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Jeff Ritterman

RICHMOND -- The architect of Richmond's failed campaign to tax soda was thousands of miles from the latest battleground in the movement he helped inspire, but the suspense had him on edge.

While lawmakers in Mexico City hammered out a budget Thursday that would include billions in new taxes on sugar-sweetened beverages, Dr. Jeff Ritterman pecked at his computer keyboard.

"I set my Google alert for the words soda tax and Mexico, and the first news alert came in at 8:47 p.m.," said Ritterman, a former Richmond councilman. "I started sending messages to some Facebook friends in Mexico who quickly confirmed."

After months of negotiations and trips by American public health experts, including Ritterman, to Mexico to speak with lawmakers there, the Mexican Congress passed a major budget reform bill that includes a one-peso-per-liter tax on sugary beverages and an 8 percent tax on fast-food restaurant sales. The new taxes, which helped send shares of Mexico-based Coca-Cola Femsa downward Thursday, is by far the biggest single blow in favor of the movement to tax sugary drinks as a tactic to curb obesity.

The unprecedented taxes were met with joy by activists in Richmond, who made global headlines last year in their failed bid to become the nation's first city to impose a penny-per-ounce tax on sugar-sweetened beverages.

"First domino falls in Soda Tax Wars! Who's next?" the Richmond Progressive Alliance, a volunteer political advocacy group, posted on its Facebook page.

For Ritterman, the news held even more relevance. The retired cardiologist-turned-anti-sugar-crusader traveled to Mexico City in late September to discuss the health effects of soda consumption and share what he learned from his failed campaign to persuade Richmond voters to tax it.

His visit was paid for by El Poder del Consumidor, a watchdog group in Mexico, and included several hours of meetings with members of the Mexican Congress. Ritterman traveled with Edgardo Cervano-Soto, a journalist with RichmondPulse.org who documented the trip.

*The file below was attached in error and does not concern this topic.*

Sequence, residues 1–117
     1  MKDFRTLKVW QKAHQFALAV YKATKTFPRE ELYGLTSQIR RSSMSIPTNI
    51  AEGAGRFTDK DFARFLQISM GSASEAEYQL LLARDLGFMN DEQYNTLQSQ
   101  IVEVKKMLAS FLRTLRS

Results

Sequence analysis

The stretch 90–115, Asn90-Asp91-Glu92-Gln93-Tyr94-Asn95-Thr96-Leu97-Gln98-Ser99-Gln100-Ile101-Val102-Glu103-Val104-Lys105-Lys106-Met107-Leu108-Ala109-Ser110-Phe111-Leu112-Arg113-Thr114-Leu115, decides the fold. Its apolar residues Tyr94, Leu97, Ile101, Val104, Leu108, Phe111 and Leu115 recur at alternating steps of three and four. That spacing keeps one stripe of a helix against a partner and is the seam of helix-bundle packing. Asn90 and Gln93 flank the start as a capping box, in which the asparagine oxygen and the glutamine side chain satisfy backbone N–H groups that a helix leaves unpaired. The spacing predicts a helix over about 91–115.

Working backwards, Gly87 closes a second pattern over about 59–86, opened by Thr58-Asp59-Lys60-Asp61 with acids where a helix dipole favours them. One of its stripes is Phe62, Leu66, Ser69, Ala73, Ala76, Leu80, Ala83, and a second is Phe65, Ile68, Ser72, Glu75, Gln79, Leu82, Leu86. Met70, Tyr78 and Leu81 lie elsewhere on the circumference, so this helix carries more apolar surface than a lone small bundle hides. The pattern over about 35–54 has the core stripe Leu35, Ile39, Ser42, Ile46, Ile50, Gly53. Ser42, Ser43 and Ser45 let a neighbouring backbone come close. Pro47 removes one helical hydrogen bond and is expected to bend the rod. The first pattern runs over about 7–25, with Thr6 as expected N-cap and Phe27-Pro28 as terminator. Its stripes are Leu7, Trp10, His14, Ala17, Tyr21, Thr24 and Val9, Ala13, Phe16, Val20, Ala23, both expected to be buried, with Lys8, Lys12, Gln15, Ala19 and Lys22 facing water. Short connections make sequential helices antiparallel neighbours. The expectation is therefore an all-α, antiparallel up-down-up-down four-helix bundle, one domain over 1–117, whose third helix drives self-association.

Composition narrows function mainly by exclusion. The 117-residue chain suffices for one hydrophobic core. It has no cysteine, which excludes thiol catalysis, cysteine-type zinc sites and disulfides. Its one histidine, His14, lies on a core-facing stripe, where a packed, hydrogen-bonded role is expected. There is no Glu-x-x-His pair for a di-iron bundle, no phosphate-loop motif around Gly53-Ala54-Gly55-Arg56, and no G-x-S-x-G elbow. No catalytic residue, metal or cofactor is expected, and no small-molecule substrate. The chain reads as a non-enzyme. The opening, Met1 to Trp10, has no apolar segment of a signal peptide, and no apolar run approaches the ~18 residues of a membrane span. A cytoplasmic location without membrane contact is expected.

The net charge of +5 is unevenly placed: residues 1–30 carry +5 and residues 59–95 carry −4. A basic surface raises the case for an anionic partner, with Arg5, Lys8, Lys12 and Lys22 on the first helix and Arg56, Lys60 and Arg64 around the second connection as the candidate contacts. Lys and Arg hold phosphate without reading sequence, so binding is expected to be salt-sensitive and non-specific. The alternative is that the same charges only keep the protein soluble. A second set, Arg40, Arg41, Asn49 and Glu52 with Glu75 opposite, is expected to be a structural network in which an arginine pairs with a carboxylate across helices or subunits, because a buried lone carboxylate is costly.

"In Mexico City, you can't go anywhere without seeing the red Coca-Cola signs," Ritterman said. "But there we were, and I was sitting down with access to powerful lawmakers that I have never had on this issue in the U.S., having productive talks about the tax, how it would reduce obesity, and how to use the money to improve health."

For supporters, the new tax represents a blow to the heart of a global health crisis. Mexico consumes more soda per capita than any country in the world and has the highest obesity rate. The U.S. ranks second in both categories.

Mexico's step may pave the way for other governments to use taxes to stem soda consumption, according to the Center for Science in the Public Interest.

"Science has now established that sugar drinks play an important role in weight gain, obesity, diabetes, and even heart disease," the center wrote in a Web announcement Thursday. "A soda tax is something that American city councils, state legislatures and Congress should be looking at in the months and years ahead."

Telluride, Colo., voters will go to the polls to decide whether to impose a penny-per-ounce tax on sugary drinks Tuesday, potentially becoming the first city in the United States to institute such a tax. San Francisco is considering a 2-cent-per-ounce soda tax for its 2014 ballot.

While Mexico's lawmakers passed the tax, ballot measures in the United States have been dominated by money from the American Beverage Association, which spent millions to beat back the tax in Richmond.

But opponents were nonplused by Mexico's move, noting that such a tax has failed multiple times in the United States and was trounced in Richmond by a 2-1 ratio.

"Mexico's politicians can tax it, but that doesn't have anything to do with what American voters are going to stand for," said Richmond Councilman Corky Boozé, a fierce opponent of the Richmond ballot measure last year. "It hasn't worked anywhere in this country yet, and I can guarantee it will never come back to Richmond."

Ritterman said he had no plans to resurrect his local tax in Richmond but said he was hopeful that taxes on sugary beverages would win in other cities and could become law at the state level.

State Sen. Bill Monning, D-Carmel, proposed a penny-per-ounce soda tax bill that was thwarted in committee in June but could reach the floor next year, Ritterman said.

"Richmond was the first to take on this fight, and that was a big step," Ritterman said. "Now, Mexico has taken the lead and has changed the whole equation."

Contact Robert Rogers at 510-262-2726. Follow him at Twitter.com/sfbaynewsrogers.